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I understand what they are but i have a few questions...

  1. What are the multi layers on a pcb (i understand 1 and 2 is front back but what about 3, 4 ,5 etc.)

  2. In http://www.youtube.com/watch?v=jzs2Zo_mc4c around 2:21 you can see the some of the board is connected around through copper. Doesn't this power all of the paths at once when the border is connected to power?

  3. Is circuit design the same on a pcb, except for the copper paths acting as the wire?

I'm new to electronics so i also don't have the best understanding about circuits. This is probably why question 2 confuses me.

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  • \$\begingroup\$ 1 and 2 are only the front/back for 2-layer. Otherwise they are 1 and n for a n-layer board. \$\endgroup\$ – Brian Carlton Jul 24 '12 at 0:07
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(1.)

enter image description here

Multilayer PCBs consist of three types of layers: there's the core on which the copper is attached, the so-called prepreg layers which insulate the different copper layers from each other, and finally the copper itself. The number of wires depends on the design's complexity; how many connections you have to make and how much room you have for that. Some layers won't be used for routing signals from one point to another, however. On a four layer board the two inner layers are often used only for ground and power supply. This makes ground more reliable, has a shielding effect and decreases the routing from different components to it; ground will often be the net with the most connections.

Those connections between layers are made by vias, drilled metalized holes, so that there's a conductive path between the layers.

enter image description here

Most used are through hole vias, even if you only have to connect the top layer with the second one. That's because they're much cheaper to make: you can finish the PCB and drill through all of it at the end. Buried and blind vias require drilling between the different process steps.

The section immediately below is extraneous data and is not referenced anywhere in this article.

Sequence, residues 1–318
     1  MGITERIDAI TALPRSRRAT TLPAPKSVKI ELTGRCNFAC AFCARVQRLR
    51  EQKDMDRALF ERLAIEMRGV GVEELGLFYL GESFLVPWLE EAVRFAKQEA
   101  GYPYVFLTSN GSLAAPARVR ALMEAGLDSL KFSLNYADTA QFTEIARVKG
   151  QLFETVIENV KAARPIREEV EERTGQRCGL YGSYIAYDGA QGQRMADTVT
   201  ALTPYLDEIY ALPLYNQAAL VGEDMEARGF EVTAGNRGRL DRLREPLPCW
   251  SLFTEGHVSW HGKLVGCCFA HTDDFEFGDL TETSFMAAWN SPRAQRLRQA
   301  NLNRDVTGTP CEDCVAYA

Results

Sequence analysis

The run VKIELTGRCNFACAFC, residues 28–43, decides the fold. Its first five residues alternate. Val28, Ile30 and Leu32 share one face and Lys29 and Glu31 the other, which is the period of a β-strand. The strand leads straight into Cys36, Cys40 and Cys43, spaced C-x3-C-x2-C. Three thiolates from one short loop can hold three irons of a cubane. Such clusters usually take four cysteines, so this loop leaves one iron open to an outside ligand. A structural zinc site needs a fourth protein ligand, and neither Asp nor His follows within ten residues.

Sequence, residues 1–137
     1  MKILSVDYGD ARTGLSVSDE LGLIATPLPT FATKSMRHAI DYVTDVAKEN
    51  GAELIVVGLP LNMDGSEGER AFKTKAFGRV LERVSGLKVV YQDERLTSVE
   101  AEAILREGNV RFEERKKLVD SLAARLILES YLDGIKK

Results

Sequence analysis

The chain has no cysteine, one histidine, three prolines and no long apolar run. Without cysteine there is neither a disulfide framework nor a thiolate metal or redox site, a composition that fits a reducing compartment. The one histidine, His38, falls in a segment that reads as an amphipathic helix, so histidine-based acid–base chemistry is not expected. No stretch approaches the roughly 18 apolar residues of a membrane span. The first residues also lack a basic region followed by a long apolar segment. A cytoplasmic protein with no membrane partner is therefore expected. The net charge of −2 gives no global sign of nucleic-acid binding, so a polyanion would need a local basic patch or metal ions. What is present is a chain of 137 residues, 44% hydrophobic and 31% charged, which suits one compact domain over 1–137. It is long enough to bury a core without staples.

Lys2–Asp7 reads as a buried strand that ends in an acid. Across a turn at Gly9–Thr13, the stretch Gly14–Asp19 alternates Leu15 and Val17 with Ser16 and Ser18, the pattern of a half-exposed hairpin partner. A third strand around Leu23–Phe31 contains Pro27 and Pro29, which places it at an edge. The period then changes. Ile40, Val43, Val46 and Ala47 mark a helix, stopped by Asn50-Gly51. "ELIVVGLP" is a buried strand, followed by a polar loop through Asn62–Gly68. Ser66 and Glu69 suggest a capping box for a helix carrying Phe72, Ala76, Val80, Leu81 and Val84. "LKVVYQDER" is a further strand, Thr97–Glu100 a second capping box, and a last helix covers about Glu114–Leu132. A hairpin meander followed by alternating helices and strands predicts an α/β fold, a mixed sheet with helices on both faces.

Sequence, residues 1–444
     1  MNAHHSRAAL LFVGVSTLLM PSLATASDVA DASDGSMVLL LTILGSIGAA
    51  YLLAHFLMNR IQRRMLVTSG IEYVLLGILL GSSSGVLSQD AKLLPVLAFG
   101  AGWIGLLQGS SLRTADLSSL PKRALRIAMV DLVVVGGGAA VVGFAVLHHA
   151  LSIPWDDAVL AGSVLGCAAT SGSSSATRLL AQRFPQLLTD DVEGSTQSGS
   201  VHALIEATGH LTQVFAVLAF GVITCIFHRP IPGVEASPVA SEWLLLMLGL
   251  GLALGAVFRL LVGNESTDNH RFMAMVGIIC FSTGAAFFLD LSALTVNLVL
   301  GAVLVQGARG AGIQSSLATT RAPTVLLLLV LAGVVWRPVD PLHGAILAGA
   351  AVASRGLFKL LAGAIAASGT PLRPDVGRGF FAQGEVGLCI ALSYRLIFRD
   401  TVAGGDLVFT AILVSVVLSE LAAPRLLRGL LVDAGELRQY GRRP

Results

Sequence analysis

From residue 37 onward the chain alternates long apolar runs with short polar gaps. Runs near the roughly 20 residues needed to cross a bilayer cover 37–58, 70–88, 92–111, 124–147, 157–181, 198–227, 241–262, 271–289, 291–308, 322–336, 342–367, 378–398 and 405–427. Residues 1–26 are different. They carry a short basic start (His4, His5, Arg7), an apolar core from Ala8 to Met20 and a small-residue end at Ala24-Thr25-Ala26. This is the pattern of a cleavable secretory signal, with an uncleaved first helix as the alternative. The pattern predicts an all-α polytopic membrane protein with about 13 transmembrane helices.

(2.)
enter image description here
If you have a good look you'll see that the components at the top right are not connected to the surrounding ground.

(3.)
Circuit design is done at the schematic level, which shows in a logical way how connections between components are made. The PCB is a translation of that conceptual level to the real world. Instead of a rectangle representing a microcontroller you have a specific package with pins. On a schematic you're completely free to place parts in a logical way. On the PCB there are constraints. Pin 23 of the microcontroller is next to pin 24, there's nothing you can do about that. That makes that routing a PCB (connecting everything) can be a difficult task, and there are companies whose engineers are specialized in just that.

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  • \$\begingroup\$ 'Prepreg' layers are, like the core layers, made of glass-reinforced resin. The difference is that, in prepreg layers, the resin is hardened when the PCB layers are laminated together. Board-makers buy sheets of 'prepreg' (fine glass weave pre-impregnated with mixed resin), and store them under refrigeration to keep the resin from setting. When the layers are laminated, vacuum is used to remove air bubbles; heat and pressure to make the resin set and bond to other layers. \$\endgroup\$ – greggo May 5 '17 at 17:47
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  1. When you have a multi-layer PCB, the additional layers are stacked inside the plastic, somehow like a Big Mac :). The vias cross all the layers or just some of them (buried vias)

  2. The path around the board is just connected to some pads, and not to every pad in the board. Note that the current is not forced to follow a single path, and can be split infinite times.

  3. It's not clear what you're asking here, but circuit design consist in drawing a schematic, which shows in a clear way all the connections between the components; and then from it creating a layout, which will be used for the fabrication of the PCB, and represent the physical shape of the copper layers and holes.
    In the layout are important also the width of the tracks, the spacing between the lines, the size of pads and holes, and so on.

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  • \$\begingroup\$ what do you mean by pads? what are they? \$\endgroup\$ – core16 Jun 3 '12 at 11:01
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    \$\begingroup\$ @user1361852 Pads are the actual points where a component will make contact with the trace running on the board. In modern surface mound technology, the pads are left exposed and the components are directly soldered on top of the pad. \$\endgroup\$ – AndrejaKo Jun 3 '12 at 11:10
  • \$\begingroup\$ @user1361852 think of it like landing pad. \$\endgroup\$ – Kortuk Jun 3 '12 at 11:17

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